Cobbers senior Hovland saving her best for last in women's hammer throw
MOORHEAD—Sometimes when Concordia senior Bailey Hovland wants to clear her mind before tossing a metal ball attached to a steel wire and grip, she does impromptu tumbling moves.
Roundoff back handsprings and back somersaults are part of her gymnastics arsenal.
"There is that weird waiting period where you can overthink," said Hovland, who is from Willmar, Minn. "It's so I can get out of my own head."
That tumbling technique has worked for Hovland in multiple throwing events, including the women's hammer throw. Hovland is headed to the NCAA Division III Outdoor Championships, which start Thursday, May 24, in La Crosse, Wis. Her event is scheduled for Saturday, the final day of the meet.
Hovland is ranked No. 16 in the hammer heading into the national meet with a throw of 173 feet, 7 inches. That mark came earlier this month at the Minnesota Intercollegiate Athletic Conference Championships, where she set a conference record and broke her own school mark.
In her final conference meet, Hovland was named the outstanding field athlete. She also placed second in the discus and fourth in the shot put.
The 5-foot-5 Hovland has excelled in multiple throwing events, even though she's generally one of the smaller competitors in the field at most meets.
"I definitely don't like to be underestimated," Hovland said. "I firmly believe that hard work ethic is at least 80 percent of the battle. If you're not willing to show up and do the work, even if you're a talented athlete, you're not going to make it as far as you could."
Hovland will be making her first appearance at an NCAA Outdoor Championships and credits Cobbers throwing coach Brandt Berghuis for her marked improvement in the hammer throw over the past two years. In his second season with the Cobbers, Berghuis was an accomplished thrower at North Dakota State, where he learned from Bison throwing coach Justin St. Clair.
"I really started picking it up last year when Brandt came," Hovland said.
Hovland first set the school record in the hammer throw at the 2017 MIAC Championships with a toss of 166-4. She remembers that throw not feeling like a record-setting performance.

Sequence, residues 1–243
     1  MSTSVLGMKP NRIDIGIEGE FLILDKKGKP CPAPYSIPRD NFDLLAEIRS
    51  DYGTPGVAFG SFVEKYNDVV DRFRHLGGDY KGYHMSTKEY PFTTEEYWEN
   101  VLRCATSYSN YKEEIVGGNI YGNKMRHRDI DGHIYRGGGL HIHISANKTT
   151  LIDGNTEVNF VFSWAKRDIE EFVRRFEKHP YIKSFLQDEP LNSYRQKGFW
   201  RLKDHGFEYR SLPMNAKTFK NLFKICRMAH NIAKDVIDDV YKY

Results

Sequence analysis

"I actually thought it was a terrible throw because it felt really different than most of my throws did and I came out ready to apologize to the coach," Hovland said. "I was surprised."
Berghuis said Hovland's been a joy to coach.
"It's her mentality," Berghuis said. "She comes to practice every day and works really hard. She's a big asset to the team. ... She's really coachable. She just picks up things quick."
Berghuis said Hovland makes the best of any situation. One example he gave was earlier this spring when the inclement weather in April had the Cobbers throwing in snow some days.
"She's out there having fun in the snow and lifts the team up with her positive attitude," Berghuis said.
Hovland said former Concordia throwing standouts Cherae Reeves and Hillary Birchem were both good role models for her earlier in her Cobbers career. Reeves was a Division III national champion in the shot put.
"There were so many incredible people for both to learn from and spend time with," Hovland said.
The Cobbers also have a men's athlete headed to the national meet. Sophomore Matt Bye, from Moorhead, is competing in the decathlon.
Huber, Young looking for big finish at D-II nationals
Minnesota State Moorhead seniors Brian Huber and Josh Young are hoping to cap their college careers with strong performances at the Division II Outdoor Championships, which start Thursday in Charlotte, N.C.
Huber enters the men's long jump the leader in the field at 25-11½, which is also a school record he set at the Northern Sun Intercollegiate Conference Championships.
"It really boosts my confidence a little bit to know I hit a big jump like that," Huber said. "To finally do that and to do it at conference felt pretty good, too. It doesn't really change my mindset a whole lot. I'm going to have to pop up as big a jump as that or longer."
Young, from Moorhead, is ranked No. 6 in the men's 1,500 meters with a time of 3 minutes, 45 seconds. He finished seventh in the event last season and is hoping to improve on that performance.
"The nice thing about the 1,500 is it could be won by anyone on any given day if the cards fall right," Young said. "I'm feeling really good."